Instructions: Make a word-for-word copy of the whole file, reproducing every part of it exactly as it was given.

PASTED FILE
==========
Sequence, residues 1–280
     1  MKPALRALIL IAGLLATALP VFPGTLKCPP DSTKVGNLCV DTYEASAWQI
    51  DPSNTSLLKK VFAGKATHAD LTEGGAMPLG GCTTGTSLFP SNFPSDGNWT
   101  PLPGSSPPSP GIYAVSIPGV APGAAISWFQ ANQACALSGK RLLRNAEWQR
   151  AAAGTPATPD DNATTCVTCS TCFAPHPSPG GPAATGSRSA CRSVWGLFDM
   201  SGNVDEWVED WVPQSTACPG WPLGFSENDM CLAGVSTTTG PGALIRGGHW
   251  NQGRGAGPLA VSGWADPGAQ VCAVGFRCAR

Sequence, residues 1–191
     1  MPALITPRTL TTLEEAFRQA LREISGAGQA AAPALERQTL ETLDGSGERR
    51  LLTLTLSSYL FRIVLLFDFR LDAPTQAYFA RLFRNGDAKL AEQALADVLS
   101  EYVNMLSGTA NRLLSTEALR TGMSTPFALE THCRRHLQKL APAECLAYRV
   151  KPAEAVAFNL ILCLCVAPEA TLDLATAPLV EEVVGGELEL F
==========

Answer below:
Sequence, residues 1–280
     1  MKPALRALIL IAGLLATALP VFPGTLKCPP DSTKVGNLCV DTYEASAWQI
    51  DPSNTSLLKK VFAGKATHAD LTEGGAMPLG GCTTGTSLFP SNFPSDGNWT
   101  PLPGSSPPSP GIYAVSIPGV APGAAISWFQ ANQACALSGK RLLRNAEWQR
   151  AAAGTPATPD DNATTCVTCS TCFAPHPSPG GPAATGSRSA CRSVWGLFDM
   201  SGNVDEWVED WVPQSTACPG WPLGFSENDM CLAGVSTTTG PGALIRGGHW
   251  NQGRGAGPLA VSGWADPGAQ VCAVGFRCAR

Sequence, residues 1–191
     1  MPALITPRTL TTLEEAFRQA LREISGAGQA AAPALERQTL ETLDGSGERR
    51  LLTLTLSSYL FRIVLLFDFR LDAPTQAYFA RLFRNGDAKL AEQALADVLS
   101  EYVNMLSGTA NRLLSTEALR TGMSTPFALE THCRRHLQKL APAECLAYRV
   151  KPAEAVAFNL ILCLCVAPEA TLDLATAPLV EEVVGGELEL F